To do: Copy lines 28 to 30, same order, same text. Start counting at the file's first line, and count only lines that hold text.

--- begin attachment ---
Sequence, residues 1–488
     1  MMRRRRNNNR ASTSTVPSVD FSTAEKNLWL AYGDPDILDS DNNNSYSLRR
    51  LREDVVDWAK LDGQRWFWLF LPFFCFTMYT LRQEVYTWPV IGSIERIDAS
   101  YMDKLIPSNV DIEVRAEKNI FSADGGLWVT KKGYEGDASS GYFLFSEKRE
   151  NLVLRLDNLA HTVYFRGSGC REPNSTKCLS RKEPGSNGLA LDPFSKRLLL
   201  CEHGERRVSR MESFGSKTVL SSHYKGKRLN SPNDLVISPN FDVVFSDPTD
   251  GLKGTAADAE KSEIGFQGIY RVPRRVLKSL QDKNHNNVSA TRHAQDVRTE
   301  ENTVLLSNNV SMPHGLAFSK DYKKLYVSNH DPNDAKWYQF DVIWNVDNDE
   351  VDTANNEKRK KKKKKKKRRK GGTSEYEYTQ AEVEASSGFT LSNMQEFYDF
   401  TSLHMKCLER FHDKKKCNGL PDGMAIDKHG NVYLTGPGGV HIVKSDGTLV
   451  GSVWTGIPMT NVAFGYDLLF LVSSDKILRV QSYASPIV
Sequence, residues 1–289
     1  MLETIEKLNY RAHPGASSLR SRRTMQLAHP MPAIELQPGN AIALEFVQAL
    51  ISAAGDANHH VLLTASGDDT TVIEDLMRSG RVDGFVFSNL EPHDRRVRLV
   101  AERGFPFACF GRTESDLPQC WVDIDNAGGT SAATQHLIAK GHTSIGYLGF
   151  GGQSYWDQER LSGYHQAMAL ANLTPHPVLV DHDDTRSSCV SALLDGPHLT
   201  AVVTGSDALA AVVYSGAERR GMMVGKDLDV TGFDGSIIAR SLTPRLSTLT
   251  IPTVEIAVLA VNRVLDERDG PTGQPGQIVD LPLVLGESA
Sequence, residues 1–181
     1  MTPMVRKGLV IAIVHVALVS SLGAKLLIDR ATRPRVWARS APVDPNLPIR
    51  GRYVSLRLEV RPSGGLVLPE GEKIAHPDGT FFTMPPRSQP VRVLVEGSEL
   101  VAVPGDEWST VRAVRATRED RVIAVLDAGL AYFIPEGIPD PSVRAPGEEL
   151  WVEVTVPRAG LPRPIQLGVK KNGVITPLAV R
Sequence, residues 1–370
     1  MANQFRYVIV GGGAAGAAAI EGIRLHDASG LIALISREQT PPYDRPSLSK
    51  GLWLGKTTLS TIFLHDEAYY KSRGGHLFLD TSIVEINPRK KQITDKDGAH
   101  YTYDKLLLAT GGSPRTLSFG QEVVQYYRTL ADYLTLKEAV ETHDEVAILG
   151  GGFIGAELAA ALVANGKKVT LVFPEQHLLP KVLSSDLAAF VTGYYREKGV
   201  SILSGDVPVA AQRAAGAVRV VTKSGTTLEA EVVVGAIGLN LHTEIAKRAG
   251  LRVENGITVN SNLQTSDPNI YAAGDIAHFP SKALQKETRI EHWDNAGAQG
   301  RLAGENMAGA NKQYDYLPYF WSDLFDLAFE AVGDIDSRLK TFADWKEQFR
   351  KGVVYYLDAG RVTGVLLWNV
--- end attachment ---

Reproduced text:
   151  GGFIGAELAA ALVANGKKVT LVFPEQHLLP KVLSSDLAAF VTGYYREKGV
   201  SILSGDVPVA AQRAAGAVRV VTKSGTTLEA EVVVGAIGLN LHTEIAKRAG
   251  LRVENGITVN SNLQTSDPNI YAAGDIAHFP SKALQKETRI EHWDNAGAQG